Creative San Miguel de Allende
When I moved to San Miguel quite a few years ago, I had no idea how much I would benefit from living here. To be honest it was Montreal winters and high Canadian taxes that initially drove me to consider living in Mexico. But it was also my fond memories of the Latin culture of Spain when I lived there as a student that attracted me to another Spanish-speaking country. We had a friend who used to live in Mexico City and who spoke very highly of San Miguel and that was what really helped us make up our minds.
After growing accustomed to life in this part of Mexico I have to say that it is the unexpected things that seem to become more important as time goes on. The expat population of San Miguel came here first in the 1950s and, as they were primarily artists come to study at the Instituto Allende, it became something of an arts colony. This genetic foundation seems to shape the lifestyle in San Miguel to this day, seventy years later.
Like Santa Fe in New Mexico, Aspen in Colorado and Banff in Alberta, Canada, San Miguel has a creative spark in its core. People move here and discover a creative side to themselves if it is not there already. When I moved here I was escaping from a long career as a classical musician that I had finally become frustrated with. Wanting a change, I set aside my musical activities for half a decade while I pursued my new occupation of being a stock trader. After a while I moved into real estate, encouraged by a local broker and discovered that I had a knack for business and relating to people.
But the atmosphere in San Miguel, which must have some magical qualities, keeps spurring me to other creative activities. I came back to music, in my spare time, and spend some time every day playing classical guitar, my main instrument. But for the last decade I have been composing contemporary classical music in a serious way. To the point that if we were not in this terrible COVID inspired hiatus, I would be having a string quartet premiered in Vancouver this year and a new piano piece performed here in San Miguel. A bit over a year ago I was in Toronto supervising the recording of two pieces in the Glenn Gould Studio at the Canadian Broadcasting Corporation, one for violin and piano and the other for violin and guitar.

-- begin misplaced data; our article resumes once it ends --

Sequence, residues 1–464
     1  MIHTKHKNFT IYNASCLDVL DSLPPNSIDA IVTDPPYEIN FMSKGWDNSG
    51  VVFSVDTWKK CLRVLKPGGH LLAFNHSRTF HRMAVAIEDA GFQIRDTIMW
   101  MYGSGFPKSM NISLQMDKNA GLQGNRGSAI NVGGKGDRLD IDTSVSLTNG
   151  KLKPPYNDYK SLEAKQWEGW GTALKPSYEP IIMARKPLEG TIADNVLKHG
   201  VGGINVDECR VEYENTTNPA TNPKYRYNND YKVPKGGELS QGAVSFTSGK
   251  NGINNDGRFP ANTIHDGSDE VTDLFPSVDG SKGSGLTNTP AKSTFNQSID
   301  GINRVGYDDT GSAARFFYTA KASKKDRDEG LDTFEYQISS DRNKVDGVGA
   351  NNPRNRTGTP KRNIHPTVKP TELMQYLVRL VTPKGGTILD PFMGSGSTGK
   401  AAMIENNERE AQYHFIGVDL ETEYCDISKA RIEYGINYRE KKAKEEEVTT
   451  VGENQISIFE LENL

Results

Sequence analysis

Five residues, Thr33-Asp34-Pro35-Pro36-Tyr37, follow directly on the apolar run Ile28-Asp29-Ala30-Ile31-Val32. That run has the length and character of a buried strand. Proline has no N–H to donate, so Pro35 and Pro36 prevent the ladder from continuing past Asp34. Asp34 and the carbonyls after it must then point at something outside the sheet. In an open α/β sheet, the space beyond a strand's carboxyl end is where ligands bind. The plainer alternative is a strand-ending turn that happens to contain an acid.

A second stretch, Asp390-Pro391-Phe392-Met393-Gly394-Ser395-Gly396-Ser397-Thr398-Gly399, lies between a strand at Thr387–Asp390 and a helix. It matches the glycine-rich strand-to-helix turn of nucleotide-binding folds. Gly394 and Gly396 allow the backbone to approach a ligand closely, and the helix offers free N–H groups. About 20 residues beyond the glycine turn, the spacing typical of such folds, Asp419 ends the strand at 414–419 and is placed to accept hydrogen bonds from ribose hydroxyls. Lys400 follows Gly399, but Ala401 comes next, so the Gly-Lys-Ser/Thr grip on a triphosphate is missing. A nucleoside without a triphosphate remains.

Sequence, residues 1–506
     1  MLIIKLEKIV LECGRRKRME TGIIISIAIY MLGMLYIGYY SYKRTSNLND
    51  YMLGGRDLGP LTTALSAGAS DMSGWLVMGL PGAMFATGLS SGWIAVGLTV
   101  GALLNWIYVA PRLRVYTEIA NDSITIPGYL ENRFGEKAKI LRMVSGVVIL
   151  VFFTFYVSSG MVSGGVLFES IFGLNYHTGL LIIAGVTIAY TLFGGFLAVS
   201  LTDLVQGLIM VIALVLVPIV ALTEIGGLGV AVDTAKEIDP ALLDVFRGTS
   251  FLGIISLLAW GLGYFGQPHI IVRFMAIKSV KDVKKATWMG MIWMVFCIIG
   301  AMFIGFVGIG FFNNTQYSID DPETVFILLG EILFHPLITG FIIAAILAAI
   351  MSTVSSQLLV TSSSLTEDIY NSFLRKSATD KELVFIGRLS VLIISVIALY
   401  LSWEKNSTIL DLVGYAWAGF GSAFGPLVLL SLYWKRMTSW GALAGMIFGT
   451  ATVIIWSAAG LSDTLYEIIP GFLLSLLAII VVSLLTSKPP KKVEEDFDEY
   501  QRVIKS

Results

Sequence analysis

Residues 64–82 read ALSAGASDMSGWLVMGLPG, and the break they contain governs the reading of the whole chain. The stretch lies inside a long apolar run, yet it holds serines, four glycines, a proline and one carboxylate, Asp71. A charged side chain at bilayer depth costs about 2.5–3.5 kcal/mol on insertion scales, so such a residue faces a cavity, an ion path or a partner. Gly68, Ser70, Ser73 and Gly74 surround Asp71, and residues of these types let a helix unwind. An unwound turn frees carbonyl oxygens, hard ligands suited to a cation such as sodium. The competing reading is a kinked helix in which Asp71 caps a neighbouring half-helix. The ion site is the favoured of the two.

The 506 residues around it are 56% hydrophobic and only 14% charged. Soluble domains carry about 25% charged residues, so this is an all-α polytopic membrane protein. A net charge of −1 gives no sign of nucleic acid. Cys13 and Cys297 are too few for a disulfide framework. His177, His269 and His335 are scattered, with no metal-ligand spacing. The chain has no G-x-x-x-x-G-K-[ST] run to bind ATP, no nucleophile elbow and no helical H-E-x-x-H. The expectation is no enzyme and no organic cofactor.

There is just something about San Miguel that allows, perhaps even encourages people to extend their creative urges and become painters, photographers, watercolor artists, poets, screenwriters and a host of other things. My latest interest is abstract sketching something that, before I moved here, it would never have occurred to me to even consider trying.
If you should move here, I wonder what creative doors might open for you?
Bryan Townsend, Realty San Miguel